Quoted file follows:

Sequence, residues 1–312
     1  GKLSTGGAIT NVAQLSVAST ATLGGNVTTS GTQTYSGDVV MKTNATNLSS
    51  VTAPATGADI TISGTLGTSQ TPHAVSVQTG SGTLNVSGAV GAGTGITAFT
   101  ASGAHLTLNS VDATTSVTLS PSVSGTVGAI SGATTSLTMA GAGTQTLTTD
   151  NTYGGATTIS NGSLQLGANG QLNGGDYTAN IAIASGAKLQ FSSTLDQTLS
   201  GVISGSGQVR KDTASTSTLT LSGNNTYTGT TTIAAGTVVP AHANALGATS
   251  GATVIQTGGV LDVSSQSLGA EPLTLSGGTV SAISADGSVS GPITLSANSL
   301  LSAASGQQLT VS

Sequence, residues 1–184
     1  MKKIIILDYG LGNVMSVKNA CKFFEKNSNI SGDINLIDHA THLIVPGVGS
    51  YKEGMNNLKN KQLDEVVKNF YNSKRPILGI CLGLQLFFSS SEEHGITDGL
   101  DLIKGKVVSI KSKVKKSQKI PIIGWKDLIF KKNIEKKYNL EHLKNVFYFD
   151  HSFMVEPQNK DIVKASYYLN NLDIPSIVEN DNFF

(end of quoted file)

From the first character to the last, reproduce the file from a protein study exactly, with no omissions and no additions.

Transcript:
Sequence, residues 1–312
     1  GKLSTGGAIT NVAQLSVAST ATLGGNVTTS GTQTYSGDVV MKTNATNLSS
    51  VTAPATGADI TISGTLGTSQ TPHAVSVQTG SGTLNVSGAV GAGTGITAFT
   101  ASGAHLTLNS VDATTSVTLS PSVSGTVGAI SGATTSLTMA GAGTQTLTTD
   151  NTYGGATTIS NGSLQLGANG QLNGGDYTAN IAIASGAKLQ FSSTLDQTLS
   201  GVISGSGQVR KDTASTSTLT LSGNNTYTGT TTIAAGTVVP AHANALGATS
   251  GATVIQTGGV LDVSSQSLGA EPLTLSGGTV SAISADGSVS GPITLSANSL
   301  LSAASGQQLT VS

Sequence, residues 1–184
     1  MKKIIILDYG LGNVMSVKNA CKFFEKNSNI SGDINLIDHA THLIVPGVGS
    51  YKEGMNNLKN KQLDEVVKNF YNSKRPILGI CLGLQLFFSS SEEHGITDGL
   101  DLIKGKVVSI KSKVKKSQKI PIIGWKDLIF KKNIEKKYNL EHLKNVFYFD
   151  HSFMVEPQNK DIVKASYYLN NLDIPSIVEN DNFF